In previous SA articles (here and here), we pointed out the similarities between today's market and that of 1999-2000. In this article, we extend the argument that rising rates, extended fundamentals, and imminent political risk may, in fact, presage a continuation of the present rally rather than the beginning of a downtrend, as is commonly argued.
The Fed is behind the curve. There is no doubt in our minds about that. Historically, it has raised rates as GAAP earnings increased and unemployment decreased. This is visible in the chart below, within the colored rectangles. Notice, however, that during the latest GAAP rally which started in 2009, the Fed kept rates at the zero bound despite explosive GAAP earnings growth and steadily falling unemployment. This has left it without any rate-cutting ammunition, should the economy weaken and require further stimulus.
Having passed up several opportunities to start normalizing rates over the last five years, the Fed must now take advantage of renewed GAAP earnings growth and low unemployment to increase rates back to normal levels. Otherwise, it will find itself impotently holding an empty toolbox next time the economy springs a leak.
We have to hand it to Yellen - she managed to be a hawk in dove's plumage, delivering a rate hike while cooing a dovish tune. She prepared the market for a hike so effectively that, judging by the level of Treasury shorts, it expected more than what was delivered, causing rates to fall after the rate hike announcement. This is unlikely to continue. Rates will rise, perhaps more than three times this year, and the market will rally as it has in the past, as long as GAAP earnings continue to improve.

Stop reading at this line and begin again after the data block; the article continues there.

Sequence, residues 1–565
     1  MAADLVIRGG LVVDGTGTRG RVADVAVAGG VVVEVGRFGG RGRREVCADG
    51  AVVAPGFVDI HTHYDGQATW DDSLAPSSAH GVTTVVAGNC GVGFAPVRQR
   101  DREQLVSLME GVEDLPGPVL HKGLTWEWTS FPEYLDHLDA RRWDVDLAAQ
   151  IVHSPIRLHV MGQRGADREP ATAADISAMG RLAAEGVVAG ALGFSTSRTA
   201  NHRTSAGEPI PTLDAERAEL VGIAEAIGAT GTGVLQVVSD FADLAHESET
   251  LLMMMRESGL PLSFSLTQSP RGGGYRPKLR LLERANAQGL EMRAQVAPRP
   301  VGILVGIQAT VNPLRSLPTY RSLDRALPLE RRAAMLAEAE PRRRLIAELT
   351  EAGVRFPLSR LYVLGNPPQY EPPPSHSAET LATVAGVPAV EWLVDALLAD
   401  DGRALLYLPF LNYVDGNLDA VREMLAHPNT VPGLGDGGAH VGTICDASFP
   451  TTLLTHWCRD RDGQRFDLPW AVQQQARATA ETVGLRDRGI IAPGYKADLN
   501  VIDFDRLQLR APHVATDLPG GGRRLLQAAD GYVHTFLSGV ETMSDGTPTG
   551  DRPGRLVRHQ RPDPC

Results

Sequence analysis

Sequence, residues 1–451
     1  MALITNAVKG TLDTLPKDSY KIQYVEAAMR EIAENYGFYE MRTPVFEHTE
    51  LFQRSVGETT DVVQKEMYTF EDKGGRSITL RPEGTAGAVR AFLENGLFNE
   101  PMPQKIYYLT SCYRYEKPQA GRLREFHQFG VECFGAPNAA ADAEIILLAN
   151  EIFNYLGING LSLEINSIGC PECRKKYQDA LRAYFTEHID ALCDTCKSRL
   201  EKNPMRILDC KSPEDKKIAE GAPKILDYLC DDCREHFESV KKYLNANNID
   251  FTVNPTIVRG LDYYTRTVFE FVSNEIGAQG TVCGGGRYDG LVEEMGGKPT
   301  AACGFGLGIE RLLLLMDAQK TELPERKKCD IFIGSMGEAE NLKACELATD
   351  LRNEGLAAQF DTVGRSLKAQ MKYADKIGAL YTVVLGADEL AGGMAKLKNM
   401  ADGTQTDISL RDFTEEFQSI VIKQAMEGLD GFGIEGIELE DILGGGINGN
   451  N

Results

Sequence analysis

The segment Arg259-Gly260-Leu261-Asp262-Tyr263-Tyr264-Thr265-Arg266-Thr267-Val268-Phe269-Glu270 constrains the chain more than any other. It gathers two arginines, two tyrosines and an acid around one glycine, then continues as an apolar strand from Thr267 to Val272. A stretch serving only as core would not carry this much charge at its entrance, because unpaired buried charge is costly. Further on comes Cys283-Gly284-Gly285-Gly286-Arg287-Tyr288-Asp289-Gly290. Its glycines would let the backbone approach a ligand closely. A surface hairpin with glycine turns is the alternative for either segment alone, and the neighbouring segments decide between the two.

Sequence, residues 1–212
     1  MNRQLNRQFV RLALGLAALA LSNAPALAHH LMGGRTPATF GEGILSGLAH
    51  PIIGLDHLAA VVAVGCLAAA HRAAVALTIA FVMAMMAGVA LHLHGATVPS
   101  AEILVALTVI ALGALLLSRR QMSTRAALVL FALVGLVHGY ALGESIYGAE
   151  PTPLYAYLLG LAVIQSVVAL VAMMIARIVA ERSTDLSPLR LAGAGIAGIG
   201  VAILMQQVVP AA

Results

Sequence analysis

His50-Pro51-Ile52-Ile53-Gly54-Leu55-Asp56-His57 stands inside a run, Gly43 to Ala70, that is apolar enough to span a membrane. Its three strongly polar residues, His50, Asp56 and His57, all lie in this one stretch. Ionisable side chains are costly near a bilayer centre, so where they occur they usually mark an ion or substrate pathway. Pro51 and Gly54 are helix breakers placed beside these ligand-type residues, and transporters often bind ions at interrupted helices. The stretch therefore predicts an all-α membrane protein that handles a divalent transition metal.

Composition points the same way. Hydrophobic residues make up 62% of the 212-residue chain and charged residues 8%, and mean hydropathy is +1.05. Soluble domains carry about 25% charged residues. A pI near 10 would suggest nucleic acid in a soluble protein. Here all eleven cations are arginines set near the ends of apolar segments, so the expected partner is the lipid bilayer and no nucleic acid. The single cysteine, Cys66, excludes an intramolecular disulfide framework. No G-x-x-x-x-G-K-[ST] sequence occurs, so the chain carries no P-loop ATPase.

When it comes to overstretched stock valuations, the present P/E ratio of 26.69 is obviously above the long-term mean, but that does not preclude further bull market action in equities. In July 1999, the P/E stood at 37.2, yet the SPX was 10% higher nine months later. From this perspective, a P/E of 26.69 could easily be shrugged off by a bull market (see the two graphs below).
Looking at the S&P 500 earnings yield, one would be forgiven for thinking that 3.75 was a dangerously low yield (first chart below), but again, we point out that during the 1999 part of the tech rally, the yield stood at 2.7 when the SPX was 10% below its eventual top (second chart below). Bull markets tend to ignore obvious fundamentals.
Political and Regulatory Risks
Bull markets, almost perversely, tend to thrive on worry, both political and economic. Again, consider some of the worrisome events of 1999, in no particular order:
- The EU common currency is introduced
- The Columbine High School massacre
- The Kosovo war
- The Cox Report details China's nuclear espionage against the U.S., Japan's Tōkai-mura nuclear accident
- The 6 billionth living human in the world is born
- The U.S. Senate rejects ratification of the Comprehensive Test Ban Treaty
- ETA terrorists cause havoc in Spain
- Russia fighting in Chechnya